Friday, January 28, 2011

Northanger Abbey: The Allens on Rules of Propriety



Reading Northanger Abbey, I was most shocked and surprised by the behavior of the Allens. For the excursion to Bath, Catherine is put in their charge, and as she is young and of marriageable age, I expected that Mrs. Allen would be particularly concerned with making sure that Catherine adheres to all of the rules of propriety. Judging from Austen’s other works, I had the impression that young ladies of marriageable age had a strict code of conduct, which, if broken, would be considered highly improper. For instance, in Lady Susan, Frederica’s writing to Reginald was regarded as wrong and was rebuffed by her mother.

So when it comes to the Allens, I automatically think that they should be always alongside Catherine to give her advice and make sure that she is constantly chaperoned. However, Mrs. Allen in particular seems to have no interest in doing what is best for Catherine. Upon their arrival to Bath, “our heroine's entree into life could not take place till after three or four days had been spent in learning what was mostly worn, and her chaperon was provided with a dress of the newest fashion” (10). This shows Mrs. Allen to be more concerned with herself than with Catherine. For the time of their stay at Bath, Catherine seems to have the freedom to do as she pleases and go where she pleases unchaperoned. In addition, later, when Isabella, James and John call on Catherine to take her riding, Mrs. Allen says “Just as you please, my dear” (61) in response to Catherine’s request for permission. And it is not until later, when the invitation is given for a second ride, that the Allens alert Catherine to the impropriety of such actions; “[y]oung men and women driving about the country in open carriages! [...] It is not right” (75). And even throughout the conversation between the Allens and Catherine, Mrs. Allen seems only half serious, her mind only on clothing and fashion (75-76).

With all of that in mind, what is the role of the Allens in Northanger Abbey? And why would Austen, with all of her notions of propriety, put the Allens in charge of Catherine at Bath? Also, what are the consequences of their inattention? And what effects do their, especially Mrs. Allen’s, inattention have on Catherine?

Dancers' Discourse in Northanger Abbey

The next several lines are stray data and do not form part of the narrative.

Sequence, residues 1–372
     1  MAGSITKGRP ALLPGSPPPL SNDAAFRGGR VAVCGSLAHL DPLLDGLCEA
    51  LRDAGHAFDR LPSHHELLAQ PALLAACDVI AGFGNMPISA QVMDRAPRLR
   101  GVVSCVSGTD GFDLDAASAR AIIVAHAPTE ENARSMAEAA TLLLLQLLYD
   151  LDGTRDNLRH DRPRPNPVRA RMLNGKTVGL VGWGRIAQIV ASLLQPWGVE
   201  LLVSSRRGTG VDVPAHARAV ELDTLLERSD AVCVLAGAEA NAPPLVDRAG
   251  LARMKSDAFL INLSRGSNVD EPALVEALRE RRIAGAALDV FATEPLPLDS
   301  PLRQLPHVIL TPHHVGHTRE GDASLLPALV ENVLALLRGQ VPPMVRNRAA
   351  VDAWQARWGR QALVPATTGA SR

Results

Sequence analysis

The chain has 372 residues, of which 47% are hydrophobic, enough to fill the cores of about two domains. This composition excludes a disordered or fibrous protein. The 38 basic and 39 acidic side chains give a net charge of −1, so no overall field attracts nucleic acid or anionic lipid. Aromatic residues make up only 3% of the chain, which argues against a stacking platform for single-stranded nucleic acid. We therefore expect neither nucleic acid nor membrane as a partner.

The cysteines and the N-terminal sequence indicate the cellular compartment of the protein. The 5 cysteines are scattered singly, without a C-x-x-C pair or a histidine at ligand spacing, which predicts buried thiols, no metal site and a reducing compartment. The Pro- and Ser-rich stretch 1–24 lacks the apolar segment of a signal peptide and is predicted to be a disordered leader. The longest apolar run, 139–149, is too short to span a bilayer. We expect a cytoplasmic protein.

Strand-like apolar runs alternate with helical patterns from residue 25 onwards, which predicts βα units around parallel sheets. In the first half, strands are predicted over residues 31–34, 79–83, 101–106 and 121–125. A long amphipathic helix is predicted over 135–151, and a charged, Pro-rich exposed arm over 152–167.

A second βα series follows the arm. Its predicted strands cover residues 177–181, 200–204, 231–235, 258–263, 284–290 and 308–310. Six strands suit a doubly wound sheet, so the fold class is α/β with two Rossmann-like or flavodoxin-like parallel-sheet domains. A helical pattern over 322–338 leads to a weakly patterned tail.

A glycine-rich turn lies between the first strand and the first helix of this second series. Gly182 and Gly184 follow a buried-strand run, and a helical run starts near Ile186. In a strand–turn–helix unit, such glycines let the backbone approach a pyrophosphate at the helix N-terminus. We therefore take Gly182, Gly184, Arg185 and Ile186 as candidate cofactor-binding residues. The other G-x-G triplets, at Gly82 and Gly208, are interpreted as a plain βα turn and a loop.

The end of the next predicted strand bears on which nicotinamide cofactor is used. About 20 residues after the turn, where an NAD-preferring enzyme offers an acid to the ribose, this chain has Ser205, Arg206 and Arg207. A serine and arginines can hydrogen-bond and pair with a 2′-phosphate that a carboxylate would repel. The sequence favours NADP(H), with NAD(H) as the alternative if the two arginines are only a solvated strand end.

"Well, Miss Morland... I hope you have had an agreeable ball."
Watercolor illustration by C.E. Brock


While reading Northanger Abbey, I quickly observed that, as in The Watsons, social balls are featured events, and dancing is of great interest to the characters. In Appendix B of our edition, Vivien Jones explains, “Scenes set at balls and assemblies are an important feature of all Austen’s novels. In such scenes, she subtly explores the pleasures and pains of dancing, and of the matchmaking and social mixing ritualized in its elaborate rules of polite behavior” (354-355). This attention to social dancing was perhaps inspired by Austen’s life, for Jones states, “Austen loved dancing and, according to family memoirs, she was good at it” (354). I therefore decided to take a closer look at the ball scenes in Northanger Abbey.

I was particularly intrigued by the exchange in Volume I, Chapter X between Catherine and Mr. Tilney regarding the purpose of dancing and choosing partners. In response to Catherine’s interactions with Mr. Thorpe during a set, Mr. Tilney states, “‘He has no business to withdraw my partner from me…I consider a country-dance as an emblem of marriage’” (54). Catherine disagrees with his comparison, replying, “‘People that marry can never part, but must go and keep house together. People that dance, only stand opposite each other in a long room for half an hour’” (54). Nevertheless, Mr. Tilney presses further, insisting that the roles for men and women are similar in both cases, only perhaps reversed. He even goes on state, “This disposition on your side is rather alarming. You totally disallow any similarity in the obligations; and may I not thence infer, that your notions of the duties of the dancing state are not so strict as you partner might wish’” (55). In suggesting that Catherine is not sufficiently prudent in her dancing, Mr. Tilney seems to further imply that she may not be faithful in marriage.

I was surprised by this exchange at first because Mr. Tilney’s statements seem to clash with his earlier behavior. In Chapter III, Mr. Tilney appears to mock formal small talk, for when asking Catherine about her time in Bath, he “affectedly” softens his voice and takes on a “simpering air” (14). I was therefore confused by his seemingly strict approach to social dancing and his continued attempts to justify the dancing-marriage analogy to the disbelieving Catherine.

I therefore wonder: is Mr. Tilney serious in his assertion that dancing is “an emblem of marriage”? Perhaps more importantly, in what ways might we interpret Mr. Tilney’s character and intentions in light of this exchange? How might we perceive Catherine?

Furthermore, regardless of Mr. Tilney’s intention, do the actions of other characters in the novel support his analogy? What are some possible functions of the balls in this Austen novel, considering Catherine’s experiences during them?